Thiruvananthapuram: Living in denial on the banks of polluted river

DECCAN CHRONICLE.
Published Nov 13, 2018, 1:51 am IST
Updated Nov 13, 2018, 5:01 pm IST
Greenpeace in 1999 had conducted scientific studies which put Eloor on the world map as a toxic hotspot.
The interdisciplinary study done by Mx Vijayakumar along with J. Devika, a faculty of the Centre for Development Studies, and N.C. Narayanan of IIT Bombay, is the outcome of a workshop conducted by the Research Unit on Local -self Governments (RULSG) at CDS.
 The interdisciplinary study done by Mx Vijayakumar along with J. Devika, a faculty of the Centre for Development Studies, and N.C. Narayanan of IIT Bombay, is the outcome of a workshop conducted by the Research Unit on Local -self Governments (RULSG) at CDS.

Thiruvananthapuram: Houses in Eloor are identified by the kind of cancer the people inside those have. When freelance journalist Mx Chithira Vijayakumar made that observation during their presentation ‘How to Kill a River: A Handy Guide’, at least some would have thought of the anti-Sterlite protests.

A similar comment was made by the protestors at Thoothukudi. But unlike Thoothukudi, Eloor has not erupted. In fact, except for a handful of protestors, everyone else, even the ones suffering from asthma and other ailments, has been in a state of denial, according to a study which Mx Chithira Vijayakumar pursued with Centre for Development Studies faculty Ms J Devika and IIT Bombay faculty Mr N C Narayanan.

 

(The interdisciplinary study, in which a journalist and two academicians have worked together, is the first, in a series. The Eloor presentation was further strengthened by the visual documentation of the place by photographer Anjali Gopan. The interdisciplinary research series is the outcome of a workshop conducted by Research Unit on Local Self Governments (RULSG) at CDS. The second study in the series will be on Idukki’s response to Gadgil and Kasturirangan reports by journalist M Suchitra and academician Lavanya Suresh.)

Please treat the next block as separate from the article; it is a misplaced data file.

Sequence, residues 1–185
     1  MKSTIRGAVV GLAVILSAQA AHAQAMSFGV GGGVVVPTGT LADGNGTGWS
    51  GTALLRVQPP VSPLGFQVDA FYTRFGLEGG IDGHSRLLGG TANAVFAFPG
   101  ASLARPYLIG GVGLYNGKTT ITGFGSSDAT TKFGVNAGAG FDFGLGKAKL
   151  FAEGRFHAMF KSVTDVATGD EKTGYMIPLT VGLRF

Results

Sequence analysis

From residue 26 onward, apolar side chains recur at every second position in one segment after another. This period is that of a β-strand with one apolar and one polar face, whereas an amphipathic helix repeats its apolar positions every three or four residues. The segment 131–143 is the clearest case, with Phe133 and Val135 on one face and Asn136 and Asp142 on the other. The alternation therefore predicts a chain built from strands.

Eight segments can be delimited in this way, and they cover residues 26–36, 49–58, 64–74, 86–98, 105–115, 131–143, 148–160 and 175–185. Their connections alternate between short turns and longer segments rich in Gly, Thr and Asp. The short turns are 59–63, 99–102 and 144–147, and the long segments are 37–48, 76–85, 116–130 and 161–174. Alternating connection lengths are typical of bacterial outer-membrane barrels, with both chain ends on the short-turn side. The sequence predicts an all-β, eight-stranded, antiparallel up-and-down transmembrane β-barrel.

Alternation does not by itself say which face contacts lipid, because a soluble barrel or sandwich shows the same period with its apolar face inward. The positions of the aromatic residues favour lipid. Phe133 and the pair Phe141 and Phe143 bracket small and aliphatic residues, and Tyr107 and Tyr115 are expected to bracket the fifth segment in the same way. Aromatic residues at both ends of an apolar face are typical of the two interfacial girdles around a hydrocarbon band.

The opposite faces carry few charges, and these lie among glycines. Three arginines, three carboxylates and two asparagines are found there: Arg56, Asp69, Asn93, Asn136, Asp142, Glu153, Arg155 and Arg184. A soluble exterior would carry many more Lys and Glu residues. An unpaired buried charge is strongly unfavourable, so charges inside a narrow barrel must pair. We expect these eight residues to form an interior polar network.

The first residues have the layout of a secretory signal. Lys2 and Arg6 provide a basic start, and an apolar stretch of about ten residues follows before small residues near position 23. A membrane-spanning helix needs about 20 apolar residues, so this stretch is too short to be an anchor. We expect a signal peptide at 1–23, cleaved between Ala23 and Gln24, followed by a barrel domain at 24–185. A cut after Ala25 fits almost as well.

Mx Chithira Vijayakumar, in the grimly humorous presentation, had included insightful responses from the people regarding how deep the denial was. While it is known that Eloor, just around 14 km from Kochi city centre, pollutes Periyar, Kochi residents had little idea about how it affects them. “When asked where their water came from, some replied that it came from taps. They were told that it came from Periyar, which is polluted. However many shared that they used water purified by their water purifiers. Little did they know that those equipments did not remove heavy metal pollution,” they said.

Their presentation had included a slide of an old news report about trade unions protesting. The protest was not against pollution, but against news reports ‘alleging’ Eloor to be suffering from pollution.

Even to this day, many local government representatives here hesitate to say that there is pollution, according to J Devika. “One of them was talking about their mother-in-law having cancer. But in the next second, they would say everything is fine. This zigging and sagging was really intriguing, when we went through the recorded interviews again,” she said.